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Paul C

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Buy the 7artisans 35mm f1.2. The compact size, native mount, wide aperture, vintage look, and cheap price make it great.
I have this In x mount and it's my favorite lens. Sharp enough for landscape, fast enough for low light and portraits. Highly recommend. Only negative is the lack of coating, but it's rarely been a problem for me.
I agree with this sentiment: the arrival of inexpensive "Generic" Chinese MF lenses with a M4/3 mount has changed the options compared with just a few years ago.

I tried lots of adapted lenses - but as the years go by and I can afford to add more native M4/3 lenses into my camera bag the need for adapted lenses falls away. Without the converter/adapter - I can often fit 2 native lenses into my camera bag where one adapted lens once sat.

I love the Meike 25mm F1.8 - it comes in native M4/3 mount. Head-to-head it was tested to come out just a bit better than the 7-Artisans equivalent. It is very small in size - like an old OM 28mm F3.5 that I once owned. The focus is smooth, Micro contrast is good, and the colour great - just the feel I wanted from a "legacy" lens in a modern inexpensive lens.

I also have a Cheecar 50mm F1.8 in M4/3 native mount that is optically good - but not quite so smooth mechanically as the Meike. The alternative Meike 50mm F2.0 is a problem - at wide apertures edge sharpness really does take a hit - but a mark II version 50mm/F1.7 Meike has just been released with very good reviews....so perhapse that wil be my next purchase.

As always with any "APSC" or "full frame" size lens used on M4/3 - the lens hood is criticial for stopping out of image light that will otherwise be creating internal reflections from the "wasted" lens surfaces outside the M4/3 crop area that kills colour and contrast. I use the big "three-position" fold out rubber ones designed for telephot0 full-frame lenses.

As with earlier postings on this thread - I did like using adapted 24mm and 28mm "macro" lenses in the past. I have about 6 of them in various brands that I tried out and used. These typically went to 1:4 ratio and work well as manual control "standard" lenses on my M4/3 bodies - great for close up still life and at 2-4 m distance for 3/4 portraits.

Then who wouldn't also want a 50mm F1.7 - 1.8 - to make a fast "100mm" equivalent portrait lens for head and shoulders shots? I found the OM 50mm F1.8 and Pentax SMC 50mm F1.7 to adapt well to M4/3....but again, buying inexpensive new native M4/3 mount lenses results in more convenient sizes and cleaner optics....and those legacy lenses are packed away now.

Chosing which legacy lens brand was best was more closely related to the deterioration of the lens over time in each individual lens than make or model. Sadly - legacy lenses leach gas from the plastics and grease as a layer of "haze"on the internal lens elements -- and after 30-50 years have had ample time to do just that....and this explains why the same lens can be rated so differently by different owners on websites such as the fabulous PENTAX-FORUM database.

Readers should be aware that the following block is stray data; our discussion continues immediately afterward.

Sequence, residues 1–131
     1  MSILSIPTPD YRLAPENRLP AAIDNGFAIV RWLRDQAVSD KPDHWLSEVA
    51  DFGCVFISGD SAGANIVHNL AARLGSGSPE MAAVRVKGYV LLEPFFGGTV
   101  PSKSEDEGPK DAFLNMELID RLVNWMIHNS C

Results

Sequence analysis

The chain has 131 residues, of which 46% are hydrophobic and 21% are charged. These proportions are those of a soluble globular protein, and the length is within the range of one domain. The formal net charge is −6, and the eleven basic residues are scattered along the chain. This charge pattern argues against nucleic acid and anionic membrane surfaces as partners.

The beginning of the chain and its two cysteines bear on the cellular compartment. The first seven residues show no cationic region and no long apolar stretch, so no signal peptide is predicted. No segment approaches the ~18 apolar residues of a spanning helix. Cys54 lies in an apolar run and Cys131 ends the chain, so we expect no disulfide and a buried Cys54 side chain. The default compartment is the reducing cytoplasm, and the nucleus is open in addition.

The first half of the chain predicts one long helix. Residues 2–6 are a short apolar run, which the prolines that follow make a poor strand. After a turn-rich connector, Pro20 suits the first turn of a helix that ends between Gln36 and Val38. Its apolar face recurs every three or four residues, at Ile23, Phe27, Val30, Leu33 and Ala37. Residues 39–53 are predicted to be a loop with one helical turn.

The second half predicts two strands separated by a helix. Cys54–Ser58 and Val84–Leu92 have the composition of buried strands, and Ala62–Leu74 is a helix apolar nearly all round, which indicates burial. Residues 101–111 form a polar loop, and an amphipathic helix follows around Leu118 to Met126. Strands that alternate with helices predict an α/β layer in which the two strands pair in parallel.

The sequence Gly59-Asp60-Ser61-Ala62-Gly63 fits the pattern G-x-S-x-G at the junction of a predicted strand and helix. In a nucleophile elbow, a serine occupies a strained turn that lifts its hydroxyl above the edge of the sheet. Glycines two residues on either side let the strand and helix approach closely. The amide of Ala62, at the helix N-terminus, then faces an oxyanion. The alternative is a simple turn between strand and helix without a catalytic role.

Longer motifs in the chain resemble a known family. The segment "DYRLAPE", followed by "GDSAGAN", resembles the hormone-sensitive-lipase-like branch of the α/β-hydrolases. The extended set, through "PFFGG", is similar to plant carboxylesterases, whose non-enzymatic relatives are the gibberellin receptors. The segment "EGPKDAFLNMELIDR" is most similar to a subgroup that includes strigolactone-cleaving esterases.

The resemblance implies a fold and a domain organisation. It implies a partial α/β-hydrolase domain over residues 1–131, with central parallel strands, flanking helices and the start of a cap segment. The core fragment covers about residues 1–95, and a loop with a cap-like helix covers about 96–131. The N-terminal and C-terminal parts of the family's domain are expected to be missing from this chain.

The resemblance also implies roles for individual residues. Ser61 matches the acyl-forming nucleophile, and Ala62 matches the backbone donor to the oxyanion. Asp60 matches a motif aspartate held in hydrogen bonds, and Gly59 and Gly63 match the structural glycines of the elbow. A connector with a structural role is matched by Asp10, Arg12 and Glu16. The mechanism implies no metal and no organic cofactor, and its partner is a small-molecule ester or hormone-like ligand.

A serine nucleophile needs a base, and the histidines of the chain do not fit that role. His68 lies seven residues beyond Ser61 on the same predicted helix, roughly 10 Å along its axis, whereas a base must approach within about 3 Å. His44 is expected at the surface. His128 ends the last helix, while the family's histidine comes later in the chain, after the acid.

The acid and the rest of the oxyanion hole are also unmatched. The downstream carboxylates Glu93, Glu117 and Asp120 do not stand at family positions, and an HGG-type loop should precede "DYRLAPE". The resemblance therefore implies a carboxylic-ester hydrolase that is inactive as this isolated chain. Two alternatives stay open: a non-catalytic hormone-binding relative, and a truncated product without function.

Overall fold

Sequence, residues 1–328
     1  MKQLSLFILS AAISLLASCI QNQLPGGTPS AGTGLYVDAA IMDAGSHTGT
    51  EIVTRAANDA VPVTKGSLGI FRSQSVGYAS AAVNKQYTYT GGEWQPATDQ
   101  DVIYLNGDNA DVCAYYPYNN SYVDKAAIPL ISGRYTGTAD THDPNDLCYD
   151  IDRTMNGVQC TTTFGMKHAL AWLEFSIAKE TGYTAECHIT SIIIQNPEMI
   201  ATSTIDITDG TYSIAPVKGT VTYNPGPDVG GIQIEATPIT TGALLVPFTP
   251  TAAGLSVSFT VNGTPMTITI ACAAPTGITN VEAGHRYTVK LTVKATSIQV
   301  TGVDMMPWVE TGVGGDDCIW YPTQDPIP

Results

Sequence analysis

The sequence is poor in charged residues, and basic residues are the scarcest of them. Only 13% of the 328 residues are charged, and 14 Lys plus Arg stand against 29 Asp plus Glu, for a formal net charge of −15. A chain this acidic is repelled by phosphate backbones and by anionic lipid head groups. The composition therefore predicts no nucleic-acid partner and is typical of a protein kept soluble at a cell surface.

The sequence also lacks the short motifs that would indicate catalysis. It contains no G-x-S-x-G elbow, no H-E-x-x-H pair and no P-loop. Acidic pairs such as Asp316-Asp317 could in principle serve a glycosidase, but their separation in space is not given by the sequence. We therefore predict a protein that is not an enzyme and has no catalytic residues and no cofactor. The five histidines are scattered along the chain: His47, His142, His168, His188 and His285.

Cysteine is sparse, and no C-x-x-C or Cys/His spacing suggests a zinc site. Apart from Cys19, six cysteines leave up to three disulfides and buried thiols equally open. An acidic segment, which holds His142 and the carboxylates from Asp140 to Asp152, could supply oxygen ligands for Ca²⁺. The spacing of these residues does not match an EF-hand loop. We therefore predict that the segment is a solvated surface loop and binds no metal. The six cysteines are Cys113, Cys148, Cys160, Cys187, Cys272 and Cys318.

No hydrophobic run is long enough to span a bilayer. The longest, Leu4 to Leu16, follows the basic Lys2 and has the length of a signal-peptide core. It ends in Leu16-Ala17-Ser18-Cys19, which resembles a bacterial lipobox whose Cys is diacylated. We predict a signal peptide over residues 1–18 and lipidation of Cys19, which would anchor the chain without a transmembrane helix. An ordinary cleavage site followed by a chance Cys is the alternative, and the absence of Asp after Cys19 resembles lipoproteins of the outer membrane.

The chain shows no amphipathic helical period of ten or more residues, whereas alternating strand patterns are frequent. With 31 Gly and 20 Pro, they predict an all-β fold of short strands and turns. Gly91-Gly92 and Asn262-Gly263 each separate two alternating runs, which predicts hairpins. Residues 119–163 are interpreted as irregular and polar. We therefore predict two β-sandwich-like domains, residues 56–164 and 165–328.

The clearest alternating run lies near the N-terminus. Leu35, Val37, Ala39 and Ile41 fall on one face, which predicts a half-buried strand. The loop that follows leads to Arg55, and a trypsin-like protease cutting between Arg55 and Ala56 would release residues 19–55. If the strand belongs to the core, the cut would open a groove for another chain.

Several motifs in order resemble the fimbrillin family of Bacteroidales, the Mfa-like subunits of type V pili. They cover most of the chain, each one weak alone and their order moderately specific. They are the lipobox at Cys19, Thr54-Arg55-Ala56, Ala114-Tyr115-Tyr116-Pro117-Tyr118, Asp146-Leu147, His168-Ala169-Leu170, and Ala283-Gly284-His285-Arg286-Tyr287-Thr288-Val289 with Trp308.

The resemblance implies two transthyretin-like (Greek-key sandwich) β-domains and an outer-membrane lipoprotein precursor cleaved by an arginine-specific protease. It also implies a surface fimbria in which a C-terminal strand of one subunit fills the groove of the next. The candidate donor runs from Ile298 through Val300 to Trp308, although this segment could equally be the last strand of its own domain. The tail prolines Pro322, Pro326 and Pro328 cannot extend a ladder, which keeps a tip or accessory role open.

• Just Google "Lens Haze" to see what others have seen
  • That cherished "glow" and "bloom" of old lenses may well be a layer of vaporised oil on the lens!
    • If you have the skill to strip, clean and reassenble a legacy lens then prepare to be amazed by the "before and after" pictures that result.
    • Doing this is no mean feat - as you need lens wrench tools, patience and a lens test bench to ensure the lens elements go back together accurately "on-axis" to avoid the decentering that blights many kitchen table repairers on eBay.
      • My advice - always refuse to buy the lenses with the telltale loss of paint where the lens wrench fits into the slots on the front of any secondhand lens. My guess is that all have had haze and fungus scrubbed away from internal lens elements before being manhandled back together and sold as "mint".
    • Furthermore this "repair" mentality risks real damage to complex lens designs where cemented "compound lens elements" come apart separating the lens balsam with dire results. This latter happens spontaneously in legacy zoom lenses - and is one reason why so many of the 2-touch Zukio OM 70-150mm zooms show such bizzare internal lens crescent patterns.
      • Only try cleaning on very simple lens designs - typically the short telephotos or "standard lenses" of the 1970s-80s that typically used only 4-5 internal lens elements with no compound lens elements needed.
      • Wide-angle legacy lenses, in contrast, often have a compound front or "second" group, and far less tolerance for "home repairs"

The only lenses where legacy glass still seems a better bet to me now is
  1. MID TELEPHOTO: My choice is to adapt the Nikon-E 100mm F2.8. This is a very simple plastic short and lightweight lens with great image quality that adapts well to make a fast "200mm" equivalent on M4/3 - great for headshot portraits and for isolating subjects in a landscape...at a fraction of the cost of the current M4/3 wide aperture professional zooms
    • The Pentax smc 100mm F2.8 is a good alternative.
    • The OM 100mm F2 is a costly alternative - but gains closer focus by virtue of a complex internal design of 7-8 lenses with floating elements that massively increases the haze risk compared with the simpler 4 elements in 4 groups design of the Nikon E and 5E/5G design of the pentax.
  2. TRUE MACRO LENSES: I still like the Vivitar 55mm macro lens made by Komine - this is a true 1:1 macro, is built to fantastic standards, and works really well adapted to M4/3. AF and OIS are no advantage here, so legacy macro lenses can add a lot to your camera bag capability for little cost compare with the native M4/3 alternatives (though I seem to see a trend that old "true macros" from the film era are fetching higher and higher prices on eBay than even a few years ago)
    Screen Shot 2019-12-27 at 22.48.52.png